You know how it feels after you’ve gorged on a large packet of pretzels or crisps – you have a mouth like a salt mine, an unquenchable thirst, and the thought occurs to you that wouldn’t mind if you never saw another pretzel again in your life. Except you know that’s not really true. That’s why you leave the other packets snug in the kitchen cupboard, fully aware that tomorrow evening you’ll be delighted to get munching again.
In other words, you have “episodic foresight”. You are able to look beyond your current physical state (extreme thirst) to anticipate being in a different state in the future, and thus plan accordingly (let’s ignore for now the fact you’re not thinking about the long-term health effects of eating all those pretzels!). Psychologists are interested in when and how this sophisticated anticipatory ability develops. A new study published in Infant and Child Development finds that young children, up to the age of seven, mostly can’t discount their current states when anticipating their future wants.
Caitlin Mahy invited 90 children (aged three to seven) to her lab and offered them a drink of apple juice. This was to make sure they weren’t thirsty at the start of the study. Next she she showed them a photo of some pretzels and a glass of water and asked them which they’d prefer to have now. Nearly 80 per cent said they’d prefer pretzels. Regardless of how they answered, all the children were offered pretzels to eat as they listened to a children’s story that took about six minutes.
Next the pretzels were taken away and Mahy asked the children to imagine that they were coming back to the lab tomorrow, and to say whether they’d prefer water or pretzels during the story. Now nearly 70 per cent said they’d prefer water tomorrow, presumably because their current state was that they were feeling thirsty. Finally, the children were offered a drink of water and the question about tomorrow was repeated. Having quenched their thirst, most of them now said once again that they’d prefer pretzels tomorrow, contradicting the answer they’d given moments earlier. There was no evidence that the older children were any better at thinking about their future preferences than the younger children.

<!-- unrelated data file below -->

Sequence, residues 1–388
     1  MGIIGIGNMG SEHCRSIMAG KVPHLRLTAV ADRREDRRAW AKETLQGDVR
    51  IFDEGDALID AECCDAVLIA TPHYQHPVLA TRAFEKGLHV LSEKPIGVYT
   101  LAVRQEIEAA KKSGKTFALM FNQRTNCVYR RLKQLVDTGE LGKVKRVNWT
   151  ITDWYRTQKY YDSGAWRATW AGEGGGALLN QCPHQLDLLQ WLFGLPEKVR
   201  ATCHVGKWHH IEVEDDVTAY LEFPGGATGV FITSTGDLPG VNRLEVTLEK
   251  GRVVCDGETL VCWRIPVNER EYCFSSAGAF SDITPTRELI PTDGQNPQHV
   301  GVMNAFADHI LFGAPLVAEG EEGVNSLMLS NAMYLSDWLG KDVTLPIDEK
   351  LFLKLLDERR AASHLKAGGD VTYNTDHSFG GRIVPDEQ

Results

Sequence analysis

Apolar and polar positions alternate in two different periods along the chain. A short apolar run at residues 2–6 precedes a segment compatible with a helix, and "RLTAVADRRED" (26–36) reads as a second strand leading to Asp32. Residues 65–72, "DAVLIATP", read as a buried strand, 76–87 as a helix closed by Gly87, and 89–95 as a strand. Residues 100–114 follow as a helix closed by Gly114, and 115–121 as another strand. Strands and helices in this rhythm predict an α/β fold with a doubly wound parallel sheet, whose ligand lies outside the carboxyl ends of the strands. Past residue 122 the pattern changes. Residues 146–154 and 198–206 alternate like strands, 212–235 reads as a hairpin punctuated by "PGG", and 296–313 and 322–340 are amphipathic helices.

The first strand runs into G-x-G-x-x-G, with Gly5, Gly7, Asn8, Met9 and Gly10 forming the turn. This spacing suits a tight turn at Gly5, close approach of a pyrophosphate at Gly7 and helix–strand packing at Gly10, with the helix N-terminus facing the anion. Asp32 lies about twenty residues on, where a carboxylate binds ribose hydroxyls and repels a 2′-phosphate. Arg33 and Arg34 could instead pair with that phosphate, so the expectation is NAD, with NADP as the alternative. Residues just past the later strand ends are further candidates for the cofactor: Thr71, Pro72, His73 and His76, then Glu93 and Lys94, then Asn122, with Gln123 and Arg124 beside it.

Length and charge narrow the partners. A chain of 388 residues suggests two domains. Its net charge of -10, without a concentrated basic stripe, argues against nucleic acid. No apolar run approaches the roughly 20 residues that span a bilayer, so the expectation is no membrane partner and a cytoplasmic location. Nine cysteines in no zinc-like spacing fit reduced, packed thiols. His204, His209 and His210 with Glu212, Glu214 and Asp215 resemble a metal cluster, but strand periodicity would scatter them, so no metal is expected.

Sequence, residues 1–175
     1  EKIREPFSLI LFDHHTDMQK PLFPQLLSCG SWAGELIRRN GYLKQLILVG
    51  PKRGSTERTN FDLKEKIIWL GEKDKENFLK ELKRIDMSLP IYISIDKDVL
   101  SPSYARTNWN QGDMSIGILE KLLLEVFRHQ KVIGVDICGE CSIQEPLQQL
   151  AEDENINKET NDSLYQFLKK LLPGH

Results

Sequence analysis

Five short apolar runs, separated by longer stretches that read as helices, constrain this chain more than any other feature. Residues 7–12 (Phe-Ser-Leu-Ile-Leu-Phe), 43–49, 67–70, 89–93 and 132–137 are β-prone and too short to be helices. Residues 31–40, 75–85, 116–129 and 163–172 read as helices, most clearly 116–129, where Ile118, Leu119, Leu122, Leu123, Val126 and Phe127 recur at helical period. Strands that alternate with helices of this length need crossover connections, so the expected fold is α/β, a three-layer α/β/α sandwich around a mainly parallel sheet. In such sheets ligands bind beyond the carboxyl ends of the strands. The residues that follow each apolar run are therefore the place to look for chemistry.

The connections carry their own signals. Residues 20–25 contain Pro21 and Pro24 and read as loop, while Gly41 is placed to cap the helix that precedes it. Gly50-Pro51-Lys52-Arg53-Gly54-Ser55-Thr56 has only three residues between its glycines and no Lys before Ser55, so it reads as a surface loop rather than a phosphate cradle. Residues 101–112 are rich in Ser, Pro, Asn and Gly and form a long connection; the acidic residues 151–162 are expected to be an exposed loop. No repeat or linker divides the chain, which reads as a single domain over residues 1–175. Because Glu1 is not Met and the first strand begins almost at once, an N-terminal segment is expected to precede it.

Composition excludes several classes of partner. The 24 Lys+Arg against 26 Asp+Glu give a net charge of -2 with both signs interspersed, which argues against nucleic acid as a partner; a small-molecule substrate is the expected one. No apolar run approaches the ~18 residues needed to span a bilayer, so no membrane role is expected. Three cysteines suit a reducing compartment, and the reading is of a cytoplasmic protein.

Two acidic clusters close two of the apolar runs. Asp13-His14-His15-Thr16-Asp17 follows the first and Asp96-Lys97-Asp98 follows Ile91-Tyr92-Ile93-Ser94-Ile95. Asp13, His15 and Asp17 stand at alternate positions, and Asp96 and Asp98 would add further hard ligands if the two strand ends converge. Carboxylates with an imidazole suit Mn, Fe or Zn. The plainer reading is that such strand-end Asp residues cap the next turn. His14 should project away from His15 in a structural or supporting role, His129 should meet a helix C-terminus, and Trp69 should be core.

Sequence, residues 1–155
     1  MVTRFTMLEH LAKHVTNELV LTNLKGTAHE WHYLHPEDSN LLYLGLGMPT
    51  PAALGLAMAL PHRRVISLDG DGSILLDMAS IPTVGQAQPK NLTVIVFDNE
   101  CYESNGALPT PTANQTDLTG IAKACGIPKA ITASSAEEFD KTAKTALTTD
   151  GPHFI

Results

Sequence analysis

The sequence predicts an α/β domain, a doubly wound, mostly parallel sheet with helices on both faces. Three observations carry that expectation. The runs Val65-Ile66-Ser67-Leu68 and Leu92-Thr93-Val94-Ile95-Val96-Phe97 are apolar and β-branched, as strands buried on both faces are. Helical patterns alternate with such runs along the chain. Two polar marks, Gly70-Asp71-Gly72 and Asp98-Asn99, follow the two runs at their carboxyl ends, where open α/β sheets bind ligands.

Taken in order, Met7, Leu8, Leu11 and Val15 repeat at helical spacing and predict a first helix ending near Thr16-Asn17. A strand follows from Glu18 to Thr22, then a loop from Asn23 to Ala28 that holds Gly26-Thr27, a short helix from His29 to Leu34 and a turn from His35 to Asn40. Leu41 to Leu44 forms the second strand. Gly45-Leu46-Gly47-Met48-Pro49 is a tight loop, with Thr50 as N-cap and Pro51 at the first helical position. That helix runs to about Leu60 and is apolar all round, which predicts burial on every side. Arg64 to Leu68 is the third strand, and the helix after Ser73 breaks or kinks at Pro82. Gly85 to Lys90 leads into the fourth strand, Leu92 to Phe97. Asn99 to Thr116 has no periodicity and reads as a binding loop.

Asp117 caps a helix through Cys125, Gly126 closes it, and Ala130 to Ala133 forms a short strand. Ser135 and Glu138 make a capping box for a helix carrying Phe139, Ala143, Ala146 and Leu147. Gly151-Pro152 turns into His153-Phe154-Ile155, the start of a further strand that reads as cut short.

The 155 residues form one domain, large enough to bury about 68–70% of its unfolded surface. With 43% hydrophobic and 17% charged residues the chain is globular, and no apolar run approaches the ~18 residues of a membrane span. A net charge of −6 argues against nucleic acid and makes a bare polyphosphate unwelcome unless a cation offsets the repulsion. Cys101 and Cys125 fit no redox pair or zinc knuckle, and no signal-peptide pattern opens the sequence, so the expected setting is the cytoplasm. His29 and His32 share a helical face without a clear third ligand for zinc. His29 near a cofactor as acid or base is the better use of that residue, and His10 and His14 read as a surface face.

What was going on in the children’s heads? To try to find out, Mahy asked them to justify their choices. The children’s answers suggest they had little insight into how their current state was influencing their thoughts about the future. For example, after eating the pretzels and saying they’d prefer water tomorrow, one child said “… because focusing makes my mouth get dry”; another said “because it’s healthy for you.” After having a drink of water and switching back to a future preference for pretzels, one child said “since I wouldn’t want to unscrew the bottle cap.” It seems the ability to mentally time travel and think in sophisticated ways about our future needs does not emerge until some time after age 7. However, the ability to make creative excuses like a seasoned politician seems to come quite naturally much earlier!
Mahy, C. (2015). Young Children Have Difficulty Predicting Future Preferences in the Presence of a Conflicting Physiological State Infant and Child Development DOI: 10.1002/icd.1930
Our free fortnightly email will keep you up-to-date with all the psychology research we digest: Sign up!